As they enter, the bartender yells. “Break ’em up before they destroy the place!” Three men are holding Herman while two others are landing repeated punches and kicks. The jukebox blares Jimmie Davis’s hit—I Hung My Head and Cried.

Herman, bleeding like a stuck pig, calls out, “Are y’all going to help me or just stand there, whistlin’ Dixie?”

“I’ll take the three holding him, you the other two. Use that chair, Howard.”

After a melee of about ten minutes, they settle with the barkeeper for fifty bucks in damages and haul Herman outside to his truck. His lip is busted, his nose is bleeding, and one eye is starting to seal shut. He refuses to show any sign of weakness or pain, although he wheezes when drawing in a breath between bruised ribs.

They arrive home in time for a delayed supper. Ran examines Herman’s cuts and bruises. “Save all that anger for the Japs and Hitler.”

Lillie brings clean towels. “My three sons fighting in the Devil’s playground and on Christmas Day! May the Good Lord find mercy to forgive you for such behavior!”

Ran smiles. “At least they didn’t go to the Duck Inn…it provides more than liquor.” She does not find the humor in his observation, as her grimace reveals.

Lillie pulls her collar up, tightens her scarf, shoves her hands deep into her pockets, turns her face and walks outside into the biting wind. “I need to gather more snow for the ice cream.”

She returns—but with no snow. “It’s suppertime.” Her words are all that is needed for family and guests to gather around the candle-lit table.

As Ran says grace, a light dispels the darkness in their hearts just as the Star of Bethlehem did long ago. The reflection in Lillie’s face, from the beckoning candle, contradicts the devastating news from Hawaii.

Ran bows his head as everyone joins hands. “Lord, we know the world will still turn, the songbirds will again make their joyful sounds, and this too will pass. Keep our sons in the hollow of Your hand. Bless this food—and bless our nation. In the name above all names—Jesus.”

American men from coast to coast step forward to retaliate against the attack on U.S. soil. In the days shortly after Thanksgiving, Julian had enlisted in the U.S. Army Air Corps and Herman in the ground forces Army after hearing President Roosevelt’s words on the radio: “No matter how long it may take us to overcome this premeditated invasion, the American people in their righteous might will win through to absolute victory.”

Howard went with his brothers and did his best also to enlist. However, the recruiter didn’t even need to wait for the results of a physical to see that Howard had a deformity that would make him 4-F. Howard had a serious head injury, caused by a blow from a split rim truck wheel. It had exploded while Howard was filling a tire with air in Glenmora. He tried to disguise the injury by pulling a cap down over his hair and forehead, but the recruiter—who was not new to his job—pulled off the cap, surveyed the scar, and motioned a thumb over his shoulder, indicating Howard was “out” of the running. Ran tried to assure Howard he could still be of service to the nation in other ways. For a scrapper and brawler like Howard, those words brought little appeasement.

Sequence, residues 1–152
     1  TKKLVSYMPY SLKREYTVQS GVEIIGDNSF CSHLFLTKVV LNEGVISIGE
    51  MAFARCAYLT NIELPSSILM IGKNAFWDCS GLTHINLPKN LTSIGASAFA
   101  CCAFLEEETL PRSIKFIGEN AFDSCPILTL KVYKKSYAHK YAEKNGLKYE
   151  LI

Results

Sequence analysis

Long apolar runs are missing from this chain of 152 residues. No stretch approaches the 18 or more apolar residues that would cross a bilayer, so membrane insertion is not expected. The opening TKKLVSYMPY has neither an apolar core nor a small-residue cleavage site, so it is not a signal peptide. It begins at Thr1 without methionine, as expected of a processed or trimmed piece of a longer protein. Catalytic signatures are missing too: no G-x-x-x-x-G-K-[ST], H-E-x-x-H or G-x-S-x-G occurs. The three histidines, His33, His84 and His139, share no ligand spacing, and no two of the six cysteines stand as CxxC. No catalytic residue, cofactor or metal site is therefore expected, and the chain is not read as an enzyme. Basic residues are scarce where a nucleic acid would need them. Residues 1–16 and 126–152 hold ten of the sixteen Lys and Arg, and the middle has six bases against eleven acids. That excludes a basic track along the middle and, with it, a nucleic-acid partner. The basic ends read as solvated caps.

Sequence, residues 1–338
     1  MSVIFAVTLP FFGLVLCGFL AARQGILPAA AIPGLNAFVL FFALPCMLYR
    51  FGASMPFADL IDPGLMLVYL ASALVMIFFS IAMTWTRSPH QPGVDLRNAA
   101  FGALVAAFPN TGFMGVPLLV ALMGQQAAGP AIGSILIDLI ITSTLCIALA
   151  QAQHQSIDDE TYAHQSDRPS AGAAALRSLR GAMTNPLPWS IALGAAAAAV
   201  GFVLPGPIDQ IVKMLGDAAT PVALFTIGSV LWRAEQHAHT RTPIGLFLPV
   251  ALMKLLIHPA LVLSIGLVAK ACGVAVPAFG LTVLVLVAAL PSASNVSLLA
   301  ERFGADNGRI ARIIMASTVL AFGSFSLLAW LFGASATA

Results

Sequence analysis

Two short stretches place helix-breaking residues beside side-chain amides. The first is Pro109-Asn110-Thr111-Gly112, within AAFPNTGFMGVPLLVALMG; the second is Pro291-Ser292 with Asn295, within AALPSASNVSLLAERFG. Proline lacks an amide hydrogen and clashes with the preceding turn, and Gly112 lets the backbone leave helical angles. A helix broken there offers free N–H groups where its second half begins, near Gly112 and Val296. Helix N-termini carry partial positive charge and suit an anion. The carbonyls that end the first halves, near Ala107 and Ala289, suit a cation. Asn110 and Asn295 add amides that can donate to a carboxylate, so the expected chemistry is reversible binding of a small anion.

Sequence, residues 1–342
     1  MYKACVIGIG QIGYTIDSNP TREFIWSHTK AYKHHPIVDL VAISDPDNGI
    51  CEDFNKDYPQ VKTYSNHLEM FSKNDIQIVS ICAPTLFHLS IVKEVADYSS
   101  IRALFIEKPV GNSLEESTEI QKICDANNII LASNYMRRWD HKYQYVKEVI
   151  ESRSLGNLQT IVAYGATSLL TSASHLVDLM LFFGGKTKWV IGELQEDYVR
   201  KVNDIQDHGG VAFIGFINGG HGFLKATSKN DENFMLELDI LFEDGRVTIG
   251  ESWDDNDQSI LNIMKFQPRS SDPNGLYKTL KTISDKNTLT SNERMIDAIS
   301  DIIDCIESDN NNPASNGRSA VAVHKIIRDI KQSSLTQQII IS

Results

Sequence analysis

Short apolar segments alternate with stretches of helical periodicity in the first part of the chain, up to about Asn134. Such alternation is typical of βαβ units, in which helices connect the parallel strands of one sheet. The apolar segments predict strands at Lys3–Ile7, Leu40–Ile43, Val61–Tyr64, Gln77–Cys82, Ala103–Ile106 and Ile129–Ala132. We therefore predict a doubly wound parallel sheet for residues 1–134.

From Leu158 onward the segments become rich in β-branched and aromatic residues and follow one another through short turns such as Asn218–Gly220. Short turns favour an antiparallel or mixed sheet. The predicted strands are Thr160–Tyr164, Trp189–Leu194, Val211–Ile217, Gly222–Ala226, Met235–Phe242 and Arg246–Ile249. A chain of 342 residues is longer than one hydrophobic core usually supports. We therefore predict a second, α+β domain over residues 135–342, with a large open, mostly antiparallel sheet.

Now, as they continue to enjoy what will probably be the last Christmas as a united family for perhaps years to come, Howard stokes the flames in the fireplace with a kindling-stick from a busted chiffarobe. Ran raises his fiddle. “Join me, in the family key.” Everyone joins in.

“O holy night, the stars are brightly shining,
It is the night of the dear Savior’s birth;
Long lay the world in sin and error pining,
‘Till he appeared and the soul felt its worth.
A thrill of hope the weary world rejoices,
For yonder breaks a new and glorious morn.”

As the long day ends, Ran leafs through his great-grandfather Joseph Willis’s six-inch thick leather-bound journal written long ago.

“What would he do?”

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Excerpted from Destiny
a nonfiction novel by Randy Willis

Destiny is available Christmas day—at Amazon at this link: https://www.amazon.com/dp/1792650698

Randy Willis Destiny a novel.jpg

Randy Willis| Novelist

Randy Willis is an American novelist, biographer, rancher, and music publisher. 

Randy Willis is the author of Destiny, Twice a Slave, Three Winds BlowingLouisiana Wind,  Beckoning Candle, The Apostle to the Opelousas, The Story of Joseph Willis, and many magazine and newspaper articles. 

Randy Willis…novels about adventure, family, faith, and the character of men and women that touched generations.

http://www.ThreeWindsBlowing.com

Randy Willis #randywillis